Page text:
How to Get Your Kid to Clean Up After Herself without Anger or Warnings

Dear Kid Whisperer,

My daughter is four. She does a lot of sensory play activities. She used to be OK at cleaning up after herself, but she’s been really messy lately. I keep reminding and warning her to clean up, which is not helping. I don’t want to take these fun and educational materials away from her, but I want her pick up after herself. Do you have any ideas? -Dorothy, Boise, Idaho

Dorothy,

No. I don’t.

This is going to be the worst column ever.

I suppose that I am still well under my word limit, so I guess I will explain.

You cannot teach responsibility. Consequences teach responsibility. There is no way for a kid to learn responsibility without suffering the consequences of being irresponsible. So the answer to the question, “How do I get my kid to be responsible without suffering consequences?” is simple: You can’t.

Your current stance on your daughter’s possessions seems to be that she is allowed to do whatever she wants with her possessions, no matter how she uses them. Your daughter does not have a constitutional right to high-quality sensory play activities. You feeling that she is entitled to things is going to lead to her feeling that she is entitled to things. Woe be unto you if she has this outlook as a teenager.

Try this paradigm shift on for size: your daughter should be allowed to use and play with things as long as the use of these things does not cause a problem for anyone else. If she does cause a problem, she will not be able to use those things until you feel that she has shown a high enough level of responsibility in the other phases of her life to be able to try using these materials again.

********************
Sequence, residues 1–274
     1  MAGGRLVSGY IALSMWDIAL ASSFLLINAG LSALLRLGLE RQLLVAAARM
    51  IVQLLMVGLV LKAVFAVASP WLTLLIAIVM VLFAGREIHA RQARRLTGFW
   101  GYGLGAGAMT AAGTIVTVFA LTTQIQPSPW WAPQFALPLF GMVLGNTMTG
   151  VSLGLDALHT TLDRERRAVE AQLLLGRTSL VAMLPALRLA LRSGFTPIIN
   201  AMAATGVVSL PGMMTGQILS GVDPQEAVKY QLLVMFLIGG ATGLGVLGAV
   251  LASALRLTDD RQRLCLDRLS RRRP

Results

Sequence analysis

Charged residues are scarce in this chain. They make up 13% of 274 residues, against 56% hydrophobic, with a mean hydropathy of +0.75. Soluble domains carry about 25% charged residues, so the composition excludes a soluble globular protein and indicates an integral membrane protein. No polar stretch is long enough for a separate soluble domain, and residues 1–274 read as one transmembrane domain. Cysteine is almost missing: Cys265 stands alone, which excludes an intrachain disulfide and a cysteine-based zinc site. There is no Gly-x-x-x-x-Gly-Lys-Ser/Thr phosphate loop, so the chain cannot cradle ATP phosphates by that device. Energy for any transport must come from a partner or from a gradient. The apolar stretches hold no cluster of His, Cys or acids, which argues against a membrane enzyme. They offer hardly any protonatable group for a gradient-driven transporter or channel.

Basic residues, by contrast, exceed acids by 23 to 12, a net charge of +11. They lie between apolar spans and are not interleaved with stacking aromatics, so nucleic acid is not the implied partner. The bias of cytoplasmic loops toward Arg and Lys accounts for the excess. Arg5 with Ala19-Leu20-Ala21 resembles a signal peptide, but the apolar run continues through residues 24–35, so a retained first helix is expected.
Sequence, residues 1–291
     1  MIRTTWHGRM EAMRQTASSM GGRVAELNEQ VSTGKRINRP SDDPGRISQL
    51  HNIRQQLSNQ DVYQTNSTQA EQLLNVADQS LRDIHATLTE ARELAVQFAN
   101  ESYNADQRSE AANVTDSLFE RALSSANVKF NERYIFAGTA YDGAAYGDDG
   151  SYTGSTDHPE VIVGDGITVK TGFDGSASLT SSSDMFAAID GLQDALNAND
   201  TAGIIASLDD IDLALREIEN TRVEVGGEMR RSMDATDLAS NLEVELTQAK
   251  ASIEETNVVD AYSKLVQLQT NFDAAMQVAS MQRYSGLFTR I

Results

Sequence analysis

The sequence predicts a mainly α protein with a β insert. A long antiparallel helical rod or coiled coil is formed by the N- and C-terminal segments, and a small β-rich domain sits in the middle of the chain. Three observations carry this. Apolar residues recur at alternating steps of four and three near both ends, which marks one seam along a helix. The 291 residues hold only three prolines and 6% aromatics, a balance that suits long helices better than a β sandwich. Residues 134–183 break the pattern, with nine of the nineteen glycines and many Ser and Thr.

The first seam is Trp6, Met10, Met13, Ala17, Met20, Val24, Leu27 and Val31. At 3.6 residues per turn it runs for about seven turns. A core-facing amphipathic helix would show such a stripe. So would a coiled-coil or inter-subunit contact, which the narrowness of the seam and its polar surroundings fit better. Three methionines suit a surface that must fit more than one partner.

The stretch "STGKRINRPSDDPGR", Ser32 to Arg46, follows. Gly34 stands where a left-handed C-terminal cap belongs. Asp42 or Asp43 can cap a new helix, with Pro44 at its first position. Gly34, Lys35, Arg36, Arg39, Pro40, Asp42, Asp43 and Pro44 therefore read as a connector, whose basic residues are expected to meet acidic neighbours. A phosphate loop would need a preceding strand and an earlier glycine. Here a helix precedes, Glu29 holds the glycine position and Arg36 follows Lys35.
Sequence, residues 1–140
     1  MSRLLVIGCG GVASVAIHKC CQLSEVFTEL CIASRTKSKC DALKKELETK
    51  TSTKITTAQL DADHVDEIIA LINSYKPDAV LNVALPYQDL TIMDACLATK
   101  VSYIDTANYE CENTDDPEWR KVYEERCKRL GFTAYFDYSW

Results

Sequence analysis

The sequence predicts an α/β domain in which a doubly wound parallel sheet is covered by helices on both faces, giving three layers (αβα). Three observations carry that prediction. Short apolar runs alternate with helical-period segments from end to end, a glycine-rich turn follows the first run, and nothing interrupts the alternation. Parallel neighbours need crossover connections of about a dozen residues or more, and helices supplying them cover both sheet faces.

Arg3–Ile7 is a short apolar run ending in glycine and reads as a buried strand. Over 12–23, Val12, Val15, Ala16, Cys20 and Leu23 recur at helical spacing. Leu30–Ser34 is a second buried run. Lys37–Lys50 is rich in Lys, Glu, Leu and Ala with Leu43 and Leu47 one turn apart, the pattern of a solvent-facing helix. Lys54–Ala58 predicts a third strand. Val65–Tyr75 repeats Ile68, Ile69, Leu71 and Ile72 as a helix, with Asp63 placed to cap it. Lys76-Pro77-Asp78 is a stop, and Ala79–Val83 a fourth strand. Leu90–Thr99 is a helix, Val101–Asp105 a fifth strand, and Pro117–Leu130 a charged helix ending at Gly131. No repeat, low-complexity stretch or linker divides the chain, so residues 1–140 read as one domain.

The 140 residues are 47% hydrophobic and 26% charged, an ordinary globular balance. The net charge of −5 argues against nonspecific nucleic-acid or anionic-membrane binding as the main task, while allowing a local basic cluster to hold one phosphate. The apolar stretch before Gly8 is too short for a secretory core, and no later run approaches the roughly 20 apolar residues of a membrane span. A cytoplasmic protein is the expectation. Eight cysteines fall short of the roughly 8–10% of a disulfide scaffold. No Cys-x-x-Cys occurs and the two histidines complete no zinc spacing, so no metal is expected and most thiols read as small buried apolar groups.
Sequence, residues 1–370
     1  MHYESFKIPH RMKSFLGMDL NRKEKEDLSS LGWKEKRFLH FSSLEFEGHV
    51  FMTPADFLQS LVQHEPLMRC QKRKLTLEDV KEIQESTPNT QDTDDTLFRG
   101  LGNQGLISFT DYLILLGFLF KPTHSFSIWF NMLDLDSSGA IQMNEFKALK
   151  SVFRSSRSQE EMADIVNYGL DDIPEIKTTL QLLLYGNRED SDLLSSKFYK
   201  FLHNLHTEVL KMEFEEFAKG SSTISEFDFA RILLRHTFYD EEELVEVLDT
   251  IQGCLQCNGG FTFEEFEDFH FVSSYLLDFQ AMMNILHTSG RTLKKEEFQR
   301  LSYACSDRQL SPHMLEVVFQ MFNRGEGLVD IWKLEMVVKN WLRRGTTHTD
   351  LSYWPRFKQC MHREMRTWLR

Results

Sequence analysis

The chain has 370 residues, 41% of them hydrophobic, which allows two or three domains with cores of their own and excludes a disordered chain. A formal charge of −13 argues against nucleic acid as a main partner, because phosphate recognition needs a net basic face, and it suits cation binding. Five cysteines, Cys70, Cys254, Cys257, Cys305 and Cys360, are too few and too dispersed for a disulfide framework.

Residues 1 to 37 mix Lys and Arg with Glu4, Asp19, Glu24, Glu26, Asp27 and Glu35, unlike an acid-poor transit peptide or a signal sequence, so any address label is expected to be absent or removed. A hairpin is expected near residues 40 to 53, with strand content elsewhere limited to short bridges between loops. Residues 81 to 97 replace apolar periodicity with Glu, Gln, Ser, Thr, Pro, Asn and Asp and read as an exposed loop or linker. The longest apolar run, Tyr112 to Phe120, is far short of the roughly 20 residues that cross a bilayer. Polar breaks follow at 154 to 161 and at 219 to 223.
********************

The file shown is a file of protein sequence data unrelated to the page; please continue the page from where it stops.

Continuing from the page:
Feel free to use questions to guide your daughter to be responsible if and when that is convenient for you. Asking, “Where do your blocks go?” or “What should you do now?” when she looks like she might be about to walk away from her mess but hasn’t yet can gently guide your daughter to take responsibility for her own stuff.

Other than that guidance, this is how I would deliver the logical consequence of not allowing your daughter to have things after she has used them in a way that caused a problem:

Kid Whisperer: Oh, boy. Honey, I noticed that you didn’t pick up your super-sensory touchy-feely hippie-squishy edu-toys. They were all over the living room floor when you went to bed last night. I had to clean them up so no one would trip on them.

Kid: Alas, such is life for you, the parent of a sensitive, precocious tot like myself.

Kid Whisperer: Hmm. Well, here’s the deal. Right now you aren’t very good at taking care of those toys, so I’m going to put them away until you can show me that you can take care of things. I will be watching how you take care of other things. When I see that you are better at taking care of your stuff, you can have those toys back.

Kid: Your insolence offends me.

Kid Whisperer: Fair enough.

Kid: Very well. Just to clarify, you only took the toys I left out?

Kid Whisperer: Of course. From now on, you are allowed to keep all of your things that don’t cause a problem for anyone.

The best solutions with kids are the ones that are the most simple, make your life easier, and give your kid two choices: to exhibit positive behaviors, or suffer the consequences of not exhibiting positive behaviors.